Politics is not a moral purity system, which is why even the most trustworthy politician should show a little taint. They don’t always have to be right; and there’s nothing wrong with compromise and a little corruption, which is why Washington needed to bail out the banks in 2008. So what is it then about money in this country that goes past the actual abuse to which it is put in our political system? What kind of religious reflex does the aversion to money reflect in a Christian and post-Christian country such as the United States? What is to trust about people who turn up their nose at even the mere mention of money like it was something filthy, something one shouldn’t touch, or that shouldn’t touch the things that matter most?
At the heart of Christendom, there’s a basic confusion at work. With a halo and bright like white snow, Sanders acts like Jesus in the Temple. In this country, a lot of people like that radical gesture. But that was in the Temple, and even there the gesture made no necessary sense. This is politics, not religion. One might well indeed appreciate the gesture of wanting to throw out the money changers, unless in this case the better course of wisdom is to render unto Caesar what is Caesar’s. In the political sphere, that Sanders has done no wrong actually represents a claim against him.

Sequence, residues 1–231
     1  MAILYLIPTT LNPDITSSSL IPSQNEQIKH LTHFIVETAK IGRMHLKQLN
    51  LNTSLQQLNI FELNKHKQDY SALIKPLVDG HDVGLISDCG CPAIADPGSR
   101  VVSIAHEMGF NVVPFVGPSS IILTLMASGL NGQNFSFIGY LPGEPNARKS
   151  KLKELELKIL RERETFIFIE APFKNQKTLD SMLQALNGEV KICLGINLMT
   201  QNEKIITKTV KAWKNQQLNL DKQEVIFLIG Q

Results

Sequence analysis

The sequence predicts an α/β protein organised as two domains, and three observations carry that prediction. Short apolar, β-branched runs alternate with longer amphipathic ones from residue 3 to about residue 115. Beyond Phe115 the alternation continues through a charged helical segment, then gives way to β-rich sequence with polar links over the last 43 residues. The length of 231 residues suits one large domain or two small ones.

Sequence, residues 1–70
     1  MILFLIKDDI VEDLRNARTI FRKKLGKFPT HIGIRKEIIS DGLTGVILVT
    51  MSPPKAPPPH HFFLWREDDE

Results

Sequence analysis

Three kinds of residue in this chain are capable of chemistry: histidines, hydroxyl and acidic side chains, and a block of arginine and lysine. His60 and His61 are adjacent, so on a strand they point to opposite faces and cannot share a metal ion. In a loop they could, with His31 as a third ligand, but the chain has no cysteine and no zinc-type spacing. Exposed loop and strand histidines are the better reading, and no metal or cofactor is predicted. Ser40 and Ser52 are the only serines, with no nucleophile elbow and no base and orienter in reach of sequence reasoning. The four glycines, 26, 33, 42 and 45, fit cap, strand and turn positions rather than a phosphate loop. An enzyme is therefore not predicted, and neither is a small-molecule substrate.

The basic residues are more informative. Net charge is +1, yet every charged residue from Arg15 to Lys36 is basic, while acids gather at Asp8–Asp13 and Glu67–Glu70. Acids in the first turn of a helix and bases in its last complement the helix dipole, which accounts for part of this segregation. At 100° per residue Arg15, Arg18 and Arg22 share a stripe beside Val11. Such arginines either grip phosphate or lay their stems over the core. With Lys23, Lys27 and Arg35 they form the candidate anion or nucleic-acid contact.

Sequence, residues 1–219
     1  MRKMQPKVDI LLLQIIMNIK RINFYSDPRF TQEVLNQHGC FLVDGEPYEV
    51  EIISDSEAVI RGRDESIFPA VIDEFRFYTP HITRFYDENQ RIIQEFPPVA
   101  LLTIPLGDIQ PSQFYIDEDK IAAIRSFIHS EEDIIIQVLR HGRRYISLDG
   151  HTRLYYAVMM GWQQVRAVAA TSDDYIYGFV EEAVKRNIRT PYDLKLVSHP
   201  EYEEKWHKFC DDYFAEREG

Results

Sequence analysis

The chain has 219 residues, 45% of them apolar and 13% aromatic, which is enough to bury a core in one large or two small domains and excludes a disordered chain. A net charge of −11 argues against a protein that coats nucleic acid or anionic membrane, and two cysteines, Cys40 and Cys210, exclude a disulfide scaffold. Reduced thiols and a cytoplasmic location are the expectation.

Money matters in politics, there’s no way around that. The open question is how and to what purpose. The next logical step in the theo-political calculus is for someone to call Clinton a Pharisee. It’s not always pretty. Appreciating that impurity is what makes us human, I was always going to vote for Clinton with a whole heart. It’s why I like her as a national leader on so many of the issues that matter most to our democracy, and why I fundamentally trust her as a politician. There’s no holier than thou about her.